IST = inapropriate sinus tachycardia
Back in the 19th century, there used to be a condition called “neurasthenia”. Young women (the beautiful but delicate ones, according to the romance novels of the time) would find themselves suddenly unable to function due to a host of inexplicable symptoms, often including fatigue, weakness, strange pains, dizziness, and passing out. Doctors would not find anything to explain these symptoms, so they were attributed to a “weak nervous system”, or neurasthenia. Victims were often confined to their beds, where they would either recover or, eventually (and tragically) die. And while nobody knew what caused this condition, everyone —doctors and laymen alike—took it seriously; the condition and its sufferers were treated with great respect.
Today’s doctors shake their heads in wonder at the notion of such a condition, and tend to put neurasthenia in the same bucketas the witchcraft hysteria of a few centuries earlier. But patients who would have been called neurasthenics 150 years ago are still around; they’re just given different labels. These labels include chronic fatigue syndrome (CFS), vasovagal or neurocardiogenic syncope, panic attacks, anxiety, irritable bowel syndrome (IBS), postural orthostatic tachycardia —and, quite possibly, IST. While most syndrome (POTS), fibromyalgia doctors still tend to think of these various syndromes as stand-alone conditions, they are all part of a general class of conditions called the dysautonomias.
In dysautonomia the autonomic nervous system loses its normal balance, and at various times the parasympathetic or sympathetic systems inappropriately predominate. Symptoms can include frequent, vague but disturbing aches and pains, faintness or frank syncope, fatigue and inertia, severe anxiety attacks, sinus tachycardia, hypotension, poor exercise tolerance, gastrointestinal disturbances, sweating, dizziness, blurred vision, numbnessand tingling, anxiety and (quite understandably) depression.
Sufferers of dysautonomia can experience all these symptoms or just a few of them. They can experience one cluster of symptoms at one time—and another at other times. And since people with dysautonomia are usually normal in every other way, a physical exam most often does not reveal any abnormalities. Patients are often labeled hysterical and are accorded little of the respect they received during the 19th century. (Fortunately, doctors no longer prescribe bed rest, so the risk of mortality is now very low.) When patients do get an actual diagnosis, the one they receive does often depend on their recently dominant symptoms and on which specialist they are referred to.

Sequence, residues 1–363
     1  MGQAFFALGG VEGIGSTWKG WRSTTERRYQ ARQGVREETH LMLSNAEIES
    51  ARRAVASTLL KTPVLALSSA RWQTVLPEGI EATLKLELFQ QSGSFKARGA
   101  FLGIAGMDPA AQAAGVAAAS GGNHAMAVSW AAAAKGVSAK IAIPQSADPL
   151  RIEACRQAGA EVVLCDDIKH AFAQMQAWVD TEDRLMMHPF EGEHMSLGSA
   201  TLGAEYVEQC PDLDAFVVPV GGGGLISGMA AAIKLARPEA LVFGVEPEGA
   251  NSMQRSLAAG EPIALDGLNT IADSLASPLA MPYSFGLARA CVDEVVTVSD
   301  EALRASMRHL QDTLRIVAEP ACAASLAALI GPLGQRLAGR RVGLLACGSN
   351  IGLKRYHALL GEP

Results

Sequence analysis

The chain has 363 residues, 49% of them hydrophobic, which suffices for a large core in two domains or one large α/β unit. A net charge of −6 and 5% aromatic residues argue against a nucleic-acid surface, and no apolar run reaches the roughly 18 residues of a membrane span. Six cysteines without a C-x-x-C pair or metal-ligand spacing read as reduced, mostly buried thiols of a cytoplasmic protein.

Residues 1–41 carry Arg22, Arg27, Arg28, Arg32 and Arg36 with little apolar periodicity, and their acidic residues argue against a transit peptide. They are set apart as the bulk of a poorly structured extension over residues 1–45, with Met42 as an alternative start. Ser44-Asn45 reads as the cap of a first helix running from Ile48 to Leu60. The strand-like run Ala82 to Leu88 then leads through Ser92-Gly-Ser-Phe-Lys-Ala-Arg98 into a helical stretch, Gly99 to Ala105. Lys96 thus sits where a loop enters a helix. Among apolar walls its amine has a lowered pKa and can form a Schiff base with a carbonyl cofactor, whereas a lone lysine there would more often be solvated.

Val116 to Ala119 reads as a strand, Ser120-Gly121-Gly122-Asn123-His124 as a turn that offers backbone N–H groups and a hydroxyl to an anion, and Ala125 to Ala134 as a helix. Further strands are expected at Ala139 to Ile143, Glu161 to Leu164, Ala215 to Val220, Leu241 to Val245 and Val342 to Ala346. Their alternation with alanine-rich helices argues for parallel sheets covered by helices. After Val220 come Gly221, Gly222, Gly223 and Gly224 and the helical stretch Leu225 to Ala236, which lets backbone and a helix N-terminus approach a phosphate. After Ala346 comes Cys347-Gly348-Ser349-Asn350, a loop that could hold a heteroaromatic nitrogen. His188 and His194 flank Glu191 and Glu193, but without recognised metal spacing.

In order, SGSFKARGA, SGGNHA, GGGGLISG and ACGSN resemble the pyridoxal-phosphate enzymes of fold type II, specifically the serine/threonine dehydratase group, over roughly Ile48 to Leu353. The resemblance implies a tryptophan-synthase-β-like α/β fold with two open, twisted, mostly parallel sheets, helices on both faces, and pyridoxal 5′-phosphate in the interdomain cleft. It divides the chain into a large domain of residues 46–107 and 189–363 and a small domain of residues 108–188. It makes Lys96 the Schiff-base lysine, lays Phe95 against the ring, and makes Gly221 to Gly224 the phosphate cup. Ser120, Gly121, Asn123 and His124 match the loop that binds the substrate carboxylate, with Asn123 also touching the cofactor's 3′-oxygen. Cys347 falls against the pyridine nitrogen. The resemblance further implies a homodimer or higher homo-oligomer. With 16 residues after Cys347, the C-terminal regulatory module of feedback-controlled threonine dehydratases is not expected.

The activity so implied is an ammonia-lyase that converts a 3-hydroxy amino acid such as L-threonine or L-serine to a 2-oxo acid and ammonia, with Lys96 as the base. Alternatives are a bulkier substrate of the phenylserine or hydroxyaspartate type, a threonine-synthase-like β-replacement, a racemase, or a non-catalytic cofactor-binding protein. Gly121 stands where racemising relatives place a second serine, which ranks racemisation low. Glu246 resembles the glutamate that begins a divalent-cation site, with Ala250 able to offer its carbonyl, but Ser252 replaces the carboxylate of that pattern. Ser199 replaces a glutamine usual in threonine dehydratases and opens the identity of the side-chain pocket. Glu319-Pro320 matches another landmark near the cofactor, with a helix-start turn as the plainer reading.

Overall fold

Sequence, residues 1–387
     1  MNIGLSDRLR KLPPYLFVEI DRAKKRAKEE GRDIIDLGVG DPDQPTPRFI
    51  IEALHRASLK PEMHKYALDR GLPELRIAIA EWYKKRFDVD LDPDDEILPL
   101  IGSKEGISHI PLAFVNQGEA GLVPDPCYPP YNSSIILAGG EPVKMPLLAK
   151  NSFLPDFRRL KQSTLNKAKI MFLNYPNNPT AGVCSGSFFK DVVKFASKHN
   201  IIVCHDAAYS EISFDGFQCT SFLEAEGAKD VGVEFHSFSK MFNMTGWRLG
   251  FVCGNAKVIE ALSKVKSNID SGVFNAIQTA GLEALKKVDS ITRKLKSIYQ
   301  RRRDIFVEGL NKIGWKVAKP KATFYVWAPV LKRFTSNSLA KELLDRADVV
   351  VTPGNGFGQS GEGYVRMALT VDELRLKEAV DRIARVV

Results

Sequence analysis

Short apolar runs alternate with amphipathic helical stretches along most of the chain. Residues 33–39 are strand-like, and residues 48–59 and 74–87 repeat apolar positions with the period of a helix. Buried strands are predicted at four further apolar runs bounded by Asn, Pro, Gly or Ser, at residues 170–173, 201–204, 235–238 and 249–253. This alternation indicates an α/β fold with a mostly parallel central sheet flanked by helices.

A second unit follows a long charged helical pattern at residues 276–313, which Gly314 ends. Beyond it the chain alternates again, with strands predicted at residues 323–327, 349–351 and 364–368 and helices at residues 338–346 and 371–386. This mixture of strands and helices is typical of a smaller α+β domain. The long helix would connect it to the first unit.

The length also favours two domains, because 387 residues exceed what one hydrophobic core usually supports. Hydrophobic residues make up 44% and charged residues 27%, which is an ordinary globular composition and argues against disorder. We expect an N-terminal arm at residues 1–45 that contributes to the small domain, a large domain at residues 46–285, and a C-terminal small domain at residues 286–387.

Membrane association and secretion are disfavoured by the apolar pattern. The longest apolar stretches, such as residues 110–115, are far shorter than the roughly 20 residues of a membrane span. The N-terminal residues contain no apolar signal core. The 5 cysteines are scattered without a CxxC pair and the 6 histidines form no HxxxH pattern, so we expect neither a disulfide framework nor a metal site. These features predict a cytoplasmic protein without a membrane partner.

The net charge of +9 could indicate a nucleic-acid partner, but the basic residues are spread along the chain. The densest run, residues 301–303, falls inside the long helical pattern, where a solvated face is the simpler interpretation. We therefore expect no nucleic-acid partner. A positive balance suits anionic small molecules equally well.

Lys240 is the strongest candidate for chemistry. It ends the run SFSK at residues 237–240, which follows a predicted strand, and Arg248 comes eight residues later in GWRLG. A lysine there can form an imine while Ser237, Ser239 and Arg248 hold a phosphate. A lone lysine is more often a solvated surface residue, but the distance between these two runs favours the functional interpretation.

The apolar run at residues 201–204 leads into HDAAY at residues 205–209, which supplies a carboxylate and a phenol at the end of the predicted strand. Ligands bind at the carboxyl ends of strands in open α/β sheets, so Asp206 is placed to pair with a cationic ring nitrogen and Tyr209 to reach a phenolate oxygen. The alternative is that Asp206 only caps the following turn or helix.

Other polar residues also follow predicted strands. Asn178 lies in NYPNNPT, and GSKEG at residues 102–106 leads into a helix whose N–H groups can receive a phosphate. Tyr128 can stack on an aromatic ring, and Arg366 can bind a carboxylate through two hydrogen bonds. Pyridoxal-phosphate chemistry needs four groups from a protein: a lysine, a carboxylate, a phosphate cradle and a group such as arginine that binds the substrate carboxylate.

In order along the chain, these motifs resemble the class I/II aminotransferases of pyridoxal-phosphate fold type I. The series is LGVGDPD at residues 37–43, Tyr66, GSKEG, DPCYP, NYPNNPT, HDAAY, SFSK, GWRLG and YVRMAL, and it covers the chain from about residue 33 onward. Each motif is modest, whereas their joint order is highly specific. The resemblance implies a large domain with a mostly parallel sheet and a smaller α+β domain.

What causes dysautonomia? The dysautonomias do not have a single cause. Some patients inherit the propensity to develop dysautonomia syndromes, and variationsof dysautonomia often run in families. Viral illnesses can trigger a dysautonomia syndrome. So can exposure to chemicals. (Gulf War Syndrome is, in effect, dysautonomia—low blood pressure, tachycardia, fatigue and other symptoms—that, government denials aside, appears to have been triggered by exposure to toxins.) Dysautonomia can result after various types of trauma, especially trauma to the head and chest. (It has been reported to occur for example after breast implant surgery.) Dysautonomias caused by viral infections, toxic exposures, or trauma often have a rather sudden onset. CFS, for instance, most classically begins following a typical viral-like illness (sore throat, fever, muscle aches, and so on), but any of the dysautonomia syndromes can have a similar onset.
Is IST one of the dysautonomias? Obviously we do not know for sure, but it certainly shares many of the characteristics of dysautonomia, including that its onset is frequentlypreceded by a viral illness or trauma; that the patient profile is typical; and that “extra” symptoms frequently occur which are consistent with other forms of dysautonomia. (Indeed, many IST patients might have beenlabeled as suffering from IBS, POTS or CFS if they had seen someone other than an electrophysiologist.) Further, the fact that something stimulates the successfully ablated SA nodes to regenerate in IST patients suggests a more systemic problem than intrinsic SA nodal disease. And finally, electrophysiologists have noted that symptoms consistent with dysautonomia often persist even after successful SA nodal ablation (i.e., during the period of time that normal heart rates have been restored).
From: Richard N. Fogoros, Electrophysiologic testing, 4th ed.,2006.